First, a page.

Frederick Kagan and Christopher Harnisch have a useful think piece in the Wall Street Journal today on applying “smart power” in Yemen. Their series of excellent points culminates in the suggestion of Yemen as the venue in which to test a prototype multiagency task force designed to wield all the elements of national power — diplomatic, informational, military, and economic — in the effort to produce stability in Yemen and immunize it against use by al-Qaeda. “Despite years of talk about the need to develop this kind of capability in the State Department or elsewhere in Washington,” they point out, “it does not exist. It must be built now, and quickly.”

Kagan and Harnisch are right that the question of U.S. involvement in Yemen is not whether we will be involved but how. Their case is strong that our effort should be a multiagency one, rather than expanding from its current minimal level on the traditional model of military intervention. But however we organize it, the key to engaging with Yemen is understanding what we are walking into. Yemen’s internal battle is not being fought in a geopolitical vacuum, and our intervention there has the potential to turn very quickly into a proxy confrontation with other regional actors.

Al-Qaeda on the Arabian Peninsula (AQAP) is the most obvious one, along with Iran, which arms the Shia “Houthi” rebels against Yemen’s central government. But an increased level of U.S. effort is likely to draw in other actors, like Somalia’s radical al-Shabaab terror group, which promised last week to send fighters to Yemen in support of the Houthi rebels. This is a legitimate threat; Iran and Eritrea keep al-Shabaab armed, and maritime traffic between Somalia and Yemen is routine and very hard to interdict.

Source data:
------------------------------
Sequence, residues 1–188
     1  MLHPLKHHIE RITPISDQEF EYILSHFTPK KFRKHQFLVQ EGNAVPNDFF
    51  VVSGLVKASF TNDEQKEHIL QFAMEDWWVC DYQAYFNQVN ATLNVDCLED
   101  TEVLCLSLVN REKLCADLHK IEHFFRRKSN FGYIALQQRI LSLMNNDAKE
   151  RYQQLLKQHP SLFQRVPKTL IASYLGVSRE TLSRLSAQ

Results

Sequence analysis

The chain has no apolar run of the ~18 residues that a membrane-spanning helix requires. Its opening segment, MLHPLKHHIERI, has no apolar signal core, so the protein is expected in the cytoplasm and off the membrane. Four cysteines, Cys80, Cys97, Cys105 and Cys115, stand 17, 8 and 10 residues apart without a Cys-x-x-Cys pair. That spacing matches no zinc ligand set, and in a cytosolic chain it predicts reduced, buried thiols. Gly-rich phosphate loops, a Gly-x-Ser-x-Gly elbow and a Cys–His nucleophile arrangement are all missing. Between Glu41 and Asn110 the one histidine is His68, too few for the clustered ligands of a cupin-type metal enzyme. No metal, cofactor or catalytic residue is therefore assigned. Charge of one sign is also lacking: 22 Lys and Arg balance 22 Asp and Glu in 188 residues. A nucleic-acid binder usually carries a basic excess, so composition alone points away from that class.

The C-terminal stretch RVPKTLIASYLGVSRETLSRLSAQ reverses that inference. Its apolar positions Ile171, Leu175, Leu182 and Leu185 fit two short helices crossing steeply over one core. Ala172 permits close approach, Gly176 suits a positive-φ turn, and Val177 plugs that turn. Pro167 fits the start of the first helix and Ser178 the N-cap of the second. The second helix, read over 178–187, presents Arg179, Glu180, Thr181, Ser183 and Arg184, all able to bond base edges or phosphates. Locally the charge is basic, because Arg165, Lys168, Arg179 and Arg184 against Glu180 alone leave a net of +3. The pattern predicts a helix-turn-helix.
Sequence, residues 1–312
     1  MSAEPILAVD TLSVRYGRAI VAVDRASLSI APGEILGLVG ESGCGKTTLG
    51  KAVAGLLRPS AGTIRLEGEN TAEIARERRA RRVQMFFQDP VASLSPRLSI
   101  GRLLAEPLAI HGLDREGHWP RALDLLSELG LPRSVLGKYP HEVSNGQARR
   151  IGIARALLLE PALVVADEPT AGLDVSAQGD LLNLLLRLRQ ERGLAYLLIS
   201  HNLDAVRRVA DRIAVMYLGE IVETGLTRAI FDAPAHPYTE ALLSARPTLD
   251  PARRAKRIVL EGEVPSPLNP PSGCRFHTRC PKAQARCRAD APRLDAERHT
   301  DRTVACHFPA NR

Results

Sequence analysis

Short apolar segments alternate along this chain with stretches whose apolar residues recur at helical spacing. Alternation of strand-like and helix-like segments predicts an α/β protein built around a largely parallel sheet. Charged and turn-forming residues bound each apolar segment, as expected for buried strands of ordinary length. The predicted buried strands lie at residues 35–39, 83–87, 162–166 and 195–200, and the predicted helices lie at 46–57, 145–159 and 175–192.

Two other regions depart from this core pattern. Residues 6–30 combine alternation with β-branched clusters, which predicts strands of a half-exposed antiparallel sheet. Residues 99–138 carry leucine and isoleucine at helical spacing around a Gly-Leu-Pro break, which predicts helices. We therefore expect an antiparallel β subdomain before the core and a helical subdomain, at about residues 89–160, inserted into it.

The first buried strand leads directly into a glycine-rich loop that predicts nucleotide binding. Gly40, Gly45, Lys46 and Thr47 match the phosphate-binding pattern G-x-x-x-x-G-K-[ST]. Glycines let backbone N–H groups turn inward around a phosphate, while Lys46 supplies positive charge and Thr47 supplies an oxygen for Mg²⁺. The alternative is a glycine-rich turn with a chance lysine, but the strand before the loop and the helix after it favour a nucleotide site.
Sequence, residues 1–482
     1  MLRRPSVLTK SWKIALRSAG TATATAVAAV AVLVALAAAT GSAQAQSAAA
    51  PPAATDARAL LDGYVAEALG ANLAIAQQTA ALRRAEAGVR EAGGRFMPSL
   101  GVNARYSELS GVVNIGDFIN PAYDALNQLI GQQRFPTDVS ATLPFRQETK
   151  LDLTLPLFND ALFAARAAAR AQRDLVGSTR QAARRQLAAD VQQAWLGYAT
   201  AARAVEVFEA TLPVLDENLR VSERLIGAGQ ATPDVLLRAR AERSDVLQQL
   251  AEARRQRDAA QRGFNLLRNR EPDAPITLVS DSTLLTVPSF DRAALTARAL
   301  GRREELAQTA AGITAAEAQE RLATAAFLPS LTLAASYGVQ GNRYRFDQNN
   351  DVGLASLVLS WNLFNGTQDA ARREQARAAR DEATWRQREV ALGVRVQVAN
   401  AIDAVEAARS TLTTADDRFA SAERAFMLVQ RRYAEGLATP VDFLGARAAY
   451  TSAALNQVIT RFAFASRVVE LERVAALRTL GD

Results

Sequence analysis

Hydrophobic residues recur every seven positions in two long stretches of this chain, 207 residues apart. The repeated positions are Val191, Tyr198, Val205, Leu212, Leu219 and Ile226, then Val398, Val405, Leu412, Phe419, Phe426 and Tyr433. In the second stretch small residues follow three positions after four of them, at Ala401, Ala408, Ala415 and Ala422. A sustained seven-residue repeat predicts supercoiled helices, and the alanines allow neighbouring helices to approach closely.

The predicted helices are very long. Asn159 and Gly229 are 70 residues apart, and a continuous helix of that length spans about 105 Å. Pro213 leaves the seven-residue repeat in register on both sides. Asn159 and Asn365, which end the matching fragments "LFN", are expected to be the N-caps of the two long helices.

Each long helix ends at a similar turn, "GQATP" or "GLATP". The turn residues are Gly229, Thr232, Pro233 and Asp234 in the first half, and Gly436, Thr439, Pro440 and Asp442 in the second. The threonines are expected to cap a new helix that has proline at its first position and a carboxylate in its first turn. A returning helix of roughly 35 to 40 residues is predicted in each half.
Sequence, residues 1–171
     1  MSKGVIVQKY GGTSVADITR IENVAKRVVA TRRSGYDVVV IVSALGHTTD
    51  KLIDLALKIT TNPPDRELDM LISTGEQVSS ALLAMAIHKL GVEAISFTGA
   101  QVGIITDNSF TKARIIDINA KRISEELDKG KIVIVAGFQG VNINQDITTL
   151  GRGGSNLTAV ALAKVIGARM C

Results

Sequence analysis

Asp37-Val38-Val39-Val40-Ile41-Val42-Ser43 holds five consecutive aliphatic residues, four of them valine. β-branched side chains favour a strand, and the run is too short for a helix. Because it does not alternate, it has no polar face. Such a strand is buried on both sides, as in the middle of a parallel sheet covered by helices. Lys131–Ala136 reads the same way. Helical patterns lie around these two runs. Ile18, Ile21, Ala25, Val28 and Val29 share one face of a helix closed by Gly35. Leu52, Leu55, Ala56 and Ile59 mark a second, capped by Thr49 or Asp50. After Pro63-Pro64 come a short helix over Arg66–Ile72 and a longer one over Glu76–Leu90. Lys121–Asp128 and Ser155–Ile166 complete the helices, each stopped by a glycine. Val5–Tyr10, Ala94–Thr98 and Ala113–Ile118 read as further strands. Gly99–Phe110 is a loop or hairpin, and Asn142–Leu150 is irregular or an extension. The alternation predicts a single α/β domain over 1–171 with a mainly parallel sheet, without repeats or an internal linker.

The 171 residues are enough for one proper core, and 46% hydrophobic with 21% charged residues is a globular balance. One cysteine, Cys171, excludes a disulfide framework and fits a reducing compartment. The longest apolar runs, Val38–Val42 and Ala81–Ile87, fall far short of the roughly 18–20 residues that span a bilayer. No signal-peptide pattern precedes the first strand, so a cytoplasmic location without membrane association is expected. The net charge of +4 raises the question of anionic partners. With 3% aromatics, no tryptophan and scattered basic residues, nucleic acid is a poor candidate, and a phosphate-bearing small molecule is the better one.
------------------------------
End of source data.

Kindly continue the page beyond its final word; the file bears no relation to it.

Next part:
Saudi Arabia’s interest in Yemeni stability, meanwhile, is direct and proprietary. Riyadh is concerned about incursions into its territory, of course, but is equally concerned about Iran — or other outside powers — gaining influence over Yemen. Yemen’s location brings the most significant of suitors to its door: Russia and China are the two top suppliers of arms to the Saleh regime, and at the end of December, both of them capped decades of extensive involvement in Yemen with major financial assistance and cooperation agreements. We are not the only great power proposing to influence events in Yemen with monetary aid and military cooperation; in fact, we’re at the back of the line. Russia was reported a year ago to be planning to re-establish its Cold War–era naval base on Yemen’s Socotra Island and will not remain passive in the face of a U.S. policy adopted on the energetic lines proposed by Kagan and Harnisch.